the_Scarlet_oneIt will not affect the warranty as long as no end user damage is caused.The memory has thermal pads on them, and typically they don’t dry out all that quick, so the lowering clock may well be degradation over time.If you want to try replacing the thermal pads and thermal paste, there are hundreds of videos on YouTube and steps outlined in articles, but there is no official guide from EVGA for this task, as far as I know. Since you would be refreshing everything, I would suggest picking up a cheap soft bristle tooth brush and some isopropyl alcohol to assist with the process. The soft bristle tooth brush can help really get all of the old paste off without causing damage to components.When you reapply the thermal paste, make sure you spread the thermal material in very thin layer across the entire die, so that every tiny spot is covered before reassembly. I use the edge of a credit card to get a good consistent spread and it hasn’t failed me yet.
EvoflashAs luck would have it after five years my 6700k (and possibly my motherboard?) has just died so it's time to get the wallet out and build a new system - makes me wonder if there was an underlying issue somewhere else that was causing the crash. I'll come back in the coming weeks/months and update so that others in similar position may get help.
HeavyHemi An 'underlying' issue such as your PSU? Also, your GPU may be be perfectly fine. With recent updates to Windows and drivers, I've also had to lower my GPU memory clock a bit. Games like Division 2 would randomly crash to desktop with +600 on the memory and were perfectly fine at +550. Quite a few folks do not know this, but drivers can also change the memory sub-timings which can of course affect stability. Also retired EE here.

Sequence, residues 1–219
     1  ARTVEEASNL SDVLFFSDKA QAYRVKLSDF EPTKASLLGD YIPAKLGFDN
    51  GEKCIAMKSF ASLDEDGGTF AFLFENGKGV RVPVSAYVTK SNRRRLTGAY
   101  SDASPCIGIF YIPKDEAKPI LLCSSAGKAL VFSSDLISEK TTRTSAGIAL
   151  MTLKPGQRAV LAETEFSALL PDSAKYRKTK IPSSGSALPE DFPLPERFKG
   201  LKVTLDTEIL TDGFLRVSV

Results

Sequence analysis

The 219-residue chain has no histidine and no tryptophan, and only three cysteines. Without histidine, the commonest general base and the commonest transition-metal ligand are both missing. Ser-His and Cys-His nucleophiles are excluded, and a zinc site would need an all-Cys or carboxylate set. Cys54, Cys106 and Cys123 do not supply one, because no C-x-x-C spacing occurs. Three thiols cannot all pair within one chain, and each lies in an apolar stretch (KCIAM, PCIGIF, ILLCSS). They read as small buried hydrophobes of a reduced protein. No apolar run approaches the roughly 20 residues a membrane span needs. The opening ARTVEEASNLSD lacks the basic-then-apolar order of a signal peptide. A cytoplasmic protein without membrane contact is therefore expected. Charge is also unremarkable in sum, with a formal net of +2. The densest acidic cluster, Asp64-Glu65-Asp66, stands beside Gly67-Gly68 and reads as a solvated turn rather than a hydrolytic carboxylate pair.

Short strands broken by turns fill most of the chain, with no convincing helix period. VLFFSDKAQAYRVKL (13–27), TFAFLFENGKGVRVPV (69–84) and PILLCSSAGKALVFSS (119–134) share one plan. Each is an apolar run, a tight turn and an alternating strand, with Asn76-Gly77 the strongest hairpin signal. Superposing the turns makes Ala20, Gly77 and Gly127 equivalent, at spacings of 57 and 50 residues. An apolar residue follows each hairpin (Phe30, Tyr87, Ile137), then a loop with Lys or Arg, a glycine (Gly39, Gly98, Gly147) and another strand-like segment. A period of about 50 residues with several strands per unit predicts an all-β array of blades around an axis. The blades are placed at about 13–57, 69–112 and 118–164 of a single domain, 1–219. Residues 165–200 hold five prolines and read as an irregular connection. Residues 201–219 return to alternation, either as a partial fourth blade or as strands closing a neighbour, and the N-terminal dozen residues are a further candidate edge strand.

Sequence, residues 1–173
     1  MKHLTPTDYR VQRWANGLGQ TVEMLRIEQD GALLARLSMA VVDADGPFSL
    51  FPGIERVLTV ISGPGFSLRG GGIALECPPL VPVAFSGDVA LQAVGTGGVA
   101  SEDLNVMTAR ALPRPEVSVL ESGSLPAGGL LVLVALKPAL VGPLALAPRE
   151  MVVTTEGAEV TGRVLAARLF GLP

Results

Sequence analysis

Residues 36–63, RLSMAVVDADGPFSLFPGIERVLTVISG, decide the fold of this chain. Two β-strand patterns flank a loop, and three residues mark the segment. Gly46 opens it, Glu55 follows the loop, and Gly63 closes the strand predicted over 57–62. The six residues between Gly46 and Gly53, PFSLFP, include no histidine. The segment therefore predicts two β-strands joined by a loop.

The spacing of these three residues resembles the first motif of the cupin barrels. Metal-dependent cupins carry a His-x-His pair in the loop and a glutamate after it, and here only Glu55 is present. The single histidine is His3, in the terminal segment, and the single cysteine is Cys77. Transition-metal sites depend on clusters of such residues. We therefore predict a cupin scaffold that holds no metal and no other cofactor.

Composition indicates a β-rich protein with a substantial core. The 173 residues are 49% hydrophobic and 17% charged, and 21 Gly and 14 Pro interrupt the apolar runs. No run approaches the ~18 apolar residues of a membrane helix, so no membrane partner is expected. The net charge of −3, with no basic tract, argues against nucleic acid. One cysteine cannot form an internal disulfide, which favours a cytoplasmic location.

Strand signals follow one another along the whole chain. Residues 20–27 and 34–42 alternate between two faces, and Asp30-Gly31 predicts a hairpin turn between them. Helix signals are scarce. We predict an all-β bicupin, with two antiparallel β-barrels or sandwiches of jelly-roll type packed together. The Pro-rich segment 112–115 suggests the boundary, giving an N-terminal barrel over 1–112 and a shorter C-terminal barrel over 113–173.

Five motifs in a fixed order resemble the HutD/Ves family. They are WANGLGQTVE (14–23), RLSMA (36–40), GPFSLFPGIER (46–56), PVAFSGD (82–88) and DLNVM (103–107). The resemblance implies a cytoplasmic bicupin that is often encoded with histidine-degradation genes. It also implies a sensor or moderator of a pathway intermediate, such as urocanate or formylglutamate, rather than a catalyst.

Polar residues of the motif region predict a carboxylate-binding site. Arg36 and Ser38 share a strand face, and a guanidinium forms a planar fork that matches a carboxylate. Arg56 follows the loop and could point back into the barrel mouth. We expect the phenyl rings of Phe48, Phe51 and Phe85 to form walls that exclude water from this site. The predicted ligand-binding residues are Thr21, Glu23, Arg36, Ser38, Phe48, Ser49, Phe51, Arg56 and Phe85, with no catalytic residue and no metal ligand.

EvoflashHi everyone, Just to update, turns out that both CPU and motherboard were faulty (!). I've ran the card in an interim PC at previous PXOC settings and have not had any problem which is fairly interesting. Card is back on song.
HeavyHemi How did you confirm the CPU and motherboard were bad? As I intimated earlier, simply a power supply dropping voltage under load can to this.
EvoflashHeavyHemi How did you confirm the CPU and motherboard were bad? As I intimated earlier, simply a power supply dropping voltage under load can to this.I bought another identical motherboard and a budget CPU (i3-6300), did some swapsies and soon discovered the bad news.
HeavyHemiEvoflashHeavyHemi How did you confirm the CPU and motherboard were bad? As I intimated earlier, simply a power supply dropping voltage under load can to this.I bought another identical motherboard and a budget CPU (i3-6300), did some swapsies and soon discovered the bad news.Not really sure why you'd do that if you were going to update the entire system. That's another GPU right there.